Unabomber Aesthetics

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Robert Kusmirowski, Unacabine, 2008

Art forms that appeal to modern leftist intellectuals tend to focus on sordidness, defeat and despair, or else they take an orgiastic tone, throwing off rational control as if there were no hope of accomplishing anything through rational calculation and all that was left was to immerse oneself in the sensations of the moment. — Theodore Kaczynski, Industrial Society and Its Future (“The Unabomber Manifesto”)

A perfectly fine artist few in the U.S. have heard of named Robert Kusmirowski has a perfectly fine piece in “After Nature,” the first perfectly fine group show at New York‘s still new New Museum. Kusmirowski, from Poland, specializes in evocative models of the past, encrusted memorial recreations, and his work in “After Nature”  — whose modest theme embraces a world “darkened by uncertain catastrophe” — is nothing other than a creepy redo of the primitive cabin in which Theodore Kaczynski lived, wrote, and assembled his fatal explosive packages.

The poor gallery guard standing by the cabin had to keep repeating that no, the door didn’t open. (Same problem with the Bucky Fuller 1930s Dymaxion car in the lobby space at the Whitney. That guard agreed in a charming way that it would be valuable to allow us to see the quirky vehicle’s rotten or gutted or absent interior, and he would do what he could.) Everyone, of course, wants to open doors.

Wouldn’t you know, at least a few of the younger folks didn’t know who the Unabomber was — or is, because Kaczynski’s still alive, 66, in a Colorado prison for the rest of his days. He keeps up with current events, though, which we know because a few weeks back the cyber-must Smoking Gun wrote that Ted was perturbed that the actual cabin was on view as part of an exhibit in the Newseum, the ill-named temple of journalism that opened this year in Washington, D.C.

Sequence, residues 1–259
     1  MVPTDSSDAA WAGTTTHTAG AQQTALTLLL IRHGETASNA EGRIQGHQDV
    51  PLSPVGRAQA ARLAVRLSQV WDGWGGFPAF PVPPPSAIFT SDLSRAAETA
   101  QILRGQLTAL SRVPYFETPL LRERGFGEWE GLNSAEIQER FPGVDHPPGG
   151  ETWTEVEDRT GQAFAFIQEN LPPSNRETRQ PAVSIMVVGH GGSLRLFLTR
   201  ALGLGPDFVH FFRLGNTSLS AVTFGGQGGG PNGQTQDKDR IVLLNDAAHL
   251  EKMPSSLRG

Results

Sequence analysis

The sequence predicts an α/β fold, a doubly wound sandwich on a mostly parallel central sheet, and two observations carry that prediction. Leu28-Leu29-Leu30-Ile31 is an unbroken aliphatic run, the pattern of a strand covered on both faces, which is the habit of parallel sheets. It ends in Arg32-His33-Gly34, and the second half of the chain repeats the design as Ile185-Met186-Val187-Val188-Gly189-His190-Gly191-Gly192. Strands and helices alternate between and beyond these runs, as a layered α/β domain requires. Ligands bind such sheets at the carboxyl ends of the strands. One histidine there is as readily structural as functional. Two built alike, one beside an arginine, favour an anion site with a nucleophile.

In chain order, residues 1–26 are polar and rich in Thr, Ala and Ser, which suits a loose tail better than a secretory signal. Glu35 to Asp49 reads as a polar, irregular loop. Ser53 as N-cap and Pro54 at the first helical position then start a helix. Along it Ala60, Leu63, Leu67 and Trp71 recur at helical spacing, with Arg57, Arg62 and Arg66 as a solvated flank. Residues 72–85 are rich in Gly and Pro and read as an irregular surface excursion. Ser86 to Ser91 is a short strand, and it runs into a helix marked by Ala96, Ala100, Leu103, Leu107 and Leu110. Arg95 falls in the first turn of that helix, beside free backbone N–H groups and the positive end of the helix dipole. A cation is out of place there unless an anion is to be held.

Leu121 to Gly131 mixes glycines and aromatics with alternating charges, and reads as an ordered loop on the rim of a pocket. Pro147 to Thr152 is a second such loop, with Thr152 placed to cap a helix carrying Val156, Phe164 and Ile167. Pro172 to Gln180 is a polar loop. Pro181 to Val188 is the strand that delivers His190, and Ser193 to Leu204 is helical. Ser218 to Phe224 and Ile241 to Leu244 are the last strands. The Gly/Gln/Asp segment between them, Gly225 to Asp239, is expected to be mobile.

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 Unabomber cabin at the Newseum


According to Smoking Gun, the bomber saw his old residence advertised in a WashPost ad and was worried that the publicity surrounding the exhibit, as well as the shifted dwelling itself, would upset his surviving victims and the families of the three dead ones. (He also happens to be suing the government to prevent auction of his journals, letters, and ginormous manifesto manuscript.) The Newseum website invites online visitors to “Probe the Unabomber Cabin: Explore a mad hermit’s life with videos and an interactive.”


“An interactive.” Where’s the display devoted to the planet’s last remaining copy editor?


Unabomber hideout, real and simulacrum. Newseum and New Museum? The parallels astound. Would the prisoner have objected more, less, or not at all if he had seen the artwork advertised instead of the real thing? And would our aestheticians (or copy editors) urge us to put quotes around real thing?


We now arrive at the place where the art critic weighs in, elaborating upon the differences between the two cabins and the way their differing viewers perceive and react to them. What if the museums swapped cabins? Next, there’s the obligatory art historian (not quite a critic), grounding the problem with a discussion of mimesis and reproduction in a variety of cultures and the appeal and even magic implicit in verisimilitude and theatrical imitation.


Were I the initial critic, I’d find some way of dragging my reader into the Brooklyn Museum’s tableaus of American Colonial and art deco décor, dim and romantic rooms that hypnotized baby Jeff and made him wish he could escape his mother’s noise and vanish into a calm, upholstered past.


What a present-day real critic should mention, if he or she had the sense, is that in the last few years at least two other Unabomber cabins sat firmly on Manhattan art floors. Pause, by Chris Larson, was shown at Rare gallery in 2005. It had a car crashing into it — actually a repro of The Dukes of Hazzard ’69 Dodge Charger — made of lumber, too. In 2007, Exit Art showed a more realistic version built by Seth Weiner, undamaged by any vehicle, except that when you walked in, you heard a digitally synthesized voice recite parts of “Life Without Principle” by Massachusetts cabin maven Henry David Thoreau.



Chris Larson’s Pause, 2005 


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Unabomber’s Cabin, Montana, Seth Weiner, 2007


In a truly contemporary, interactive institution, one should be able to choose the soundtrack of one’s experience. So Out There must therefore ask, what exactly would you, kind reader, wish to hear spoken from beneath the Unabomber’s various floorboards?


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